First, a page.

- “Determine a tax in response to the distance traveled by the vehicle within the region”
- “Determining the tax in each [of the two] taxing region[s] in response to the predetermined vehicle positions”
- “Dispatch”
- “Distance”
- “Position fix[es]”
- “Generating geographic information”
- “Generating a table” / “referencing a table”
Vehicle IP, LLC v. Werner Enterprises, Inc., C.A. No. 10-503-SLR, Memo. Op. at 13-34 (D. Del. Sept. 9, 2013).

Judge Robinson then considered cross motions for summary judgment of infringement and noninfringement of two asserted claims. Whether Judge Robinson could grant summary judgment for these claims turned on whether the accused system calculated taxes owed “without the need for any human intervention.” Because the “court’s construction differ[ed] from both parties’ proposed constructions and, given the complexity of the accused system, the court [could not] determine at the summary judgment stage” that this was the way the accused system operated. With respect to several other claims, however, Judge Robinson found that there was sufficient factual information to determine that the accused system did not “directly use predetermined vehicle position information.” She therefore granted summary judgment of noninfringement with respect to those claims. Id. at 40-44.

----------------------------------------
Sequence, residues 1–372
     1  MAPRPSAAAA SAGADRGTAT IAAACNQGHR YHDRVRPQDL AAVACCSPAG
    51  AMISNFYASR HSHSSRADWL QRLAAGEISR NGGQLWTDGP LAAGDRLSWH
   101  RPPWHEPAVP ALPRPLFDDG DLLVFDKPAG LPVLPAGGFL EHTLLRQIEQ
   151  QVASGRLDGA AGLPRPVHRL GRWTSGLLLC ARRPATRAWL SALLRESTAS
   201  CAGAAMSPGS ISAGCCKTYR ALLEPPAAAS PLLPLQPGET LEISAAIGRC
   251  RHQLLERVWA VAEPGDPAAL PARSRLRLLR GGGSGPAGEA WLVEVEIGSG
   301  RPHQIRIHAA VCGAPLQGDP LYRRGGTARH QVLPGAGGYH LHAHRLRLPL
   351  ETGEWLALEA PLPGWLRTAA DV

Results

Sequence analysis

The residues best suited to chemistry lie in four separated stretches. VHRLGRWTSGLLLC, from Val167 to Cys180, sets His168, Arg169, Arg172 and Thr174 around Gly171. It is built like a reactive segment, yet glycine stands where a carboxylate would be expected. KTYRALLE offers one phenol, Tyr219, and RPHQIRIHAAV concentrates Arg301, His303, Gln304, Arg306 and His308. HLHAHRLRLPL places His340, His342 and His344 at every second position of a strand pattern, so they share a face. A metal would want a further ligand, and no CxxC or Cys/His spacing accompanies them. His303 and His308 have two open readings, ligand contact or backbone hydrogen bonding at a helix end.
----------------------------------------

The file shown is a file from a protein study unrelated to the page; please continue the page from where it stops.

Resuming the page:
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September 11, 2013

Judge Robinson’s Preclusion of Untimely Invalidity Theory – A Cautionary Tale for Completeness of Final Contentions